During the session, both van Tulleken and Dimbleby stressed that while ‘ultra-processed food’ often provided a useful indicator of poor health; to claim that the category didn’t have value because this correlation didn’t always occur was taking it too literally.

Sliced brown bread may fall under the 'ultra-processed' category but contains fibre, which is nutritional. This does not invalidate the usefulness of the category, believes Dimbleby. Image Source: Getty Images/Savany

For example, the British Nutrition Foundation last year criticised studies linking ultra-processed foods to poor health, saying that the link was not causal. “They do not provide clear evidence of a causal association between processing per se and health,” the organisation said.

Dimbleby criticised this assessment as ‘hyper-literal,’ saying “they made the point that, if you look at, most of that food is bad for you, but you could be hyper-literal and ‘say well some of it might not be.’”

He gave the example of brown bread. Sliced brown bread is categorised as ultra-processed, but is high in fibre, which Dimbleby described as one of the most important nutrients that we don’t consume enough of. While someone deficient in fibre deciding to give up the consumption of brown bread might not be good ‘for them,’ this was, for Dimbleby, not a sufficient argument against having a critical attitude towards ultra-processed foods. He predicted that sliced brown bread makes up roughly 3% of foods categorised as ultra-processed.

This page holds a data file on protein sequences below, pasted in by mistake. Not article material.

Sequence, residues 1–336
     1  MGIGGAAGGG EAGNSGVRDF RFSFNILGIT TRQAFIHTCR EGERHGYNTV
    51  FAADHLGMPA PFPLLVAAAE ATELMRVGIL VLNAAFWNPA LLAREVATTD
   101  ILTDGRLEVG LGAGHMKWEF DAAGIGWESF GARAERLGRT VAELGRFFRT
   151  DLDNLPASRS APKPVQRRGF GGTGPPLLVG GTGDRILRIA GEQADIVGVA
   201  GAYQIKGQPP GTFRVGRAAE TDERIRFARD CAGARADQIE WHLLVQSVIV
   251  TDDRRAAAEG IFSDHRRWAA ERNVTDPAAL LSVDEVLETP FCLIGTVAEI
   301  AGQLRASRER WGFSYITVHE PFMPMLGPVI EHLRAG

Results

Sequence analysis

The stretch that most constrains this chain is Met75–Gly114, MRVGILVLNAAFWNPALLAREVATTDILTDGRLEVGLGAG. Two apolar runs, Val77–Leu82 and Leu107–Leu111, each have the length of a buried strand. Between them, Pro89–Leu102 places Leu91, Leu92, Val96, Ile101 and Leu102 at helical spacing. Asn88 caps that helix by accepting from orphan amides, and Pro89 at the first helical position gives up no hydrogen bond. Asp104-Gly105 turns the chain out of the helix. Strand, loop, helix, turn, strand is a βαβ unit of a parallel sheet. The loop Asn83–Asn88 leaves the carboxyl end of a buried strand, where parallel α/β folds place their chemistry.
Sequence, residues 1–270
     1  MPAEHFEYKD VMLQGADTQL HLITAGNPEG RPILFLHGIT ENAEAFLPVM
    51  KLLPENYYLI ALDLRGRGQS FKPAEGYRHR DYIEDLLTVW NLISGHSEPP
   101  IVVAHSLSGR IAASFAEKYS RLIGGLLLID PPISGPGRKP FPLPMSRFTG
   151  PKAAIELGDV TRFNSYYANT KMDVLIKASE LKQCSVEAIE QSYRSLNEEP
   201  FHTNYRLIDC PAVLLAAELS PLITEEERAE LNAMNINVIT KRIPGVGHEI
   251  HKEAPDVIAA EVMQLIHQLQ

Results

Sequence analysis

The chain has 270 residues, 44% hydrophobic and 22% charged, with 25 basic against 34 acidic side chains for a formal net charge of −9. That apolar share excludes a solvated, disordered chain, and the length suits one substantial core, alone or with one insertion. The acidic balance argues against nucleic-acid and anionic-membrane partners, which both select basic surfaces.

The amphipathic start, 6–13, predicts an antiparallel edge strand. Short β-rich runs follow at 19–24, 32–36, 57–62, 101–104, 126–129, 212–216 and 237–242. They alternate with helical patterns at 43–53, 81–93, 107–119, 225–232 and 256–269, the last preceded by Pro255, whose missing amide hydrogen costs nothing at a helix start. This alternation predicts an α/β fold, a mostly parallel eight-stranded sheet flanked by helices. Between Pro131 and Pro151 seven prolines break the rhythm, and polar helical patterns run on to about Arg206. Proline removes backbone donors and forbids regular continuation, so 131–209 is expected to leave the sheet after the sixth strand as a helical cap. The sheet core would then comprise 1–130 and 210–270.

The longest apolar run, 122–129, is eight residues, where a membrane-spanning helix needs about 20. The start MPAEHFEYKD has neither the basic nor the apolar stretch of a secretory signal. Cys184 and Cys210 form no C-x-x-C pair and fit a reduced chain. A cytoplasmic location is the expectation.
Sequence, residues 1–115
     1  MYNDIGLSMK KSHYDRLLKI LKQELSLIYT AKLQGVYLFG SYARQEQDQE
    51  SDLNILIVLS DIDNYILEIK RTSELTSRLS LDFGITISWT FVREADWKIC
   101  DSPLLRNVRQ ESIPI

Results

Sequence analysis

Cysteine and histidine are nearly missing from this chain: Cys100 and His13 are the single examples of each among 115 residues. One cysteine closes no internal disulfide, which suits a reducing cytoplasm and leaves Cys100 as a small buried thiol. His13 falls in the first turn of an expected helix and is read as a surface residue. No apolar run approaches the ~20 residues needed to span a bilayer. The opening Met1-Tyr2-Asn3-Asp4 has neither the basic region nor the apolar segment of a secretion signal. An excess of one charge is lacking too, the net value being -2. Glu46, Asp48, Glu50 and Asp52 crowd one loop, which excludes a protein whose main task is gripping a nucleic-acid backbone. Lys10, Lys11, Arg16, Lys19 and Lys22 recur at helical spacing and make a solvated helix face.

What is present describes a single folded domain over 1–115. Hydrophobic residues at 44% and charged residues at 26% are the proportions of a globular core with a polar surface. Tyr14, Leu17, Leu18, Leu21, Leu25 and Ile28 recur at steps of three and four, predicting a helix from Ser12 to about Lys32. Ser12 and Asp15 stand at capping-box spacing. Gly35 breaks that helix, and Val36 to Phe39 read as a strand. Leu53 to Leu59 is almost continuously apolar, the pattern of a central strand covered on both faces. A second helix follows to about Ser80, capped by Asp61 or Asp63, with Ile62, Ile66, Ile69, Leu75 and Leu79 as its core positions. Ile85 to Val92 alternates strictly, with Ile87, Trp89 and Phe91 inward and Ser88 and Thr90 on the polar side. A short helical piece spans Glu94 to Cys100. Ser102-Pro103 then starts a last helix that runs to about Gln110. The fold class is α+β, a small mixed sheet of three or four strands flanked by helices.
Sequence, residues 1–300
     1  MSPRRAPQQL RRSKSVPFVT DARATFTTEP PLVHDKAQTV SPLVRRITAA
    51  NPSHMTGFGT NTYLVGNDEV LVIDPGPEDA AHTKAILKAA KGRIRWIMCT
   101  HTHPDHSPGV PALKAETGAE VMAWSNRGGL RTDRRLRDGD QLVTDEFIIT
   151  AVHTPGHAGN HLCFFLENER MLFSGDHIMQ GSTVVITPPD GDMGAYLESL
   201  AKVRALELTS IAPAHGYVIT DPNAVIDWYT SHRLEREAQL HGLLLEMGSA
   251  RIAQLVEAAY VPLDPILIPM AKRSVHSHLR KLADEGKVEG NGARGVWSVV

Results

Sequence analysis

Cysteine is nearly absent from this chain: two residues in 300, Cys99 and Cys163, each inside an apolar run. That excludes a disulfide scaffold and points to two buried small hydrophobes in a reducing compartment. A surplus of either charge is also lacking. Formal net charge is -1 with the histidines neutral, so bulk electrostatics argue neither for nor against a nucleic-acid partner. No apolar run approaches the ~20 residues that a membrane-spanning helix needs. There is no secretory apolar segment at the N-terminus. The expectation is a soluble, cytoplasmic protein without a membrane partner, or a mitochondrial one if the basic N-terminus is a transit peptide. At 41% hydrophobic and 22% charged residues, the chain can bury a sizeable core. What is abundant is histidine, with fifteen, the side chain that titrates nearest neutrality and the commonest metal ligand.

Conversely, many foods that are not officially ‘ultra-processed’ are very unhealthy, despite containing only domestic ingredients. “Do I think that the soft, salty, sugary, calorie dense (supermarket) lasagne is completely harmless because it doesn’t fall into the technical ultra-processed category? Absolutely not," stressed van Tulleken.

Sausages, he said, which contain trace amounts of one ultra-processed ingredient, do not ‘magically become healthy’ if you take that ingredient out.

The reason for the ‘loopholes’ in the ultra-processed definition, he suggested, is because since the category was conceived, manufacturers have managed to create ‘clean label products that were still cleverly designed to drive excess consumption.’

Solutions proposed

Dimbleby, who has experience working with government policy, suggested several solutions to combatting ultra-processed foods.

Firstly, he gave three broad aims:

  • Restrict the commercial incentives of food companies.
  • Focus on helping those in poverty eat well.
  • Create structural mechanisms to ensure progress continues between governments.

He also suggested some individual policies for the UK government:

  • A complete advertising ban on ultra-processed foods to break commercial incentives.
  • Black octagons on products that are UPF. These black octagons would work as warning labels and restrict what products could make health claims. These products, van Tulleken added, would not be allowed to be sold in schools, hospitals or prisons.
  • A potential salt and sugar reformulation tax (although during the cost of living crisis, he admitted this would be politically difficult).
  • Universal free school meals, or at least to everyone on universal credit (the UK’s welfare payments).
  • Giving those who are living in poverty vouchers for fruit and veg.
  • Introduce a statutory target on health outcomes, which the government would have to report against.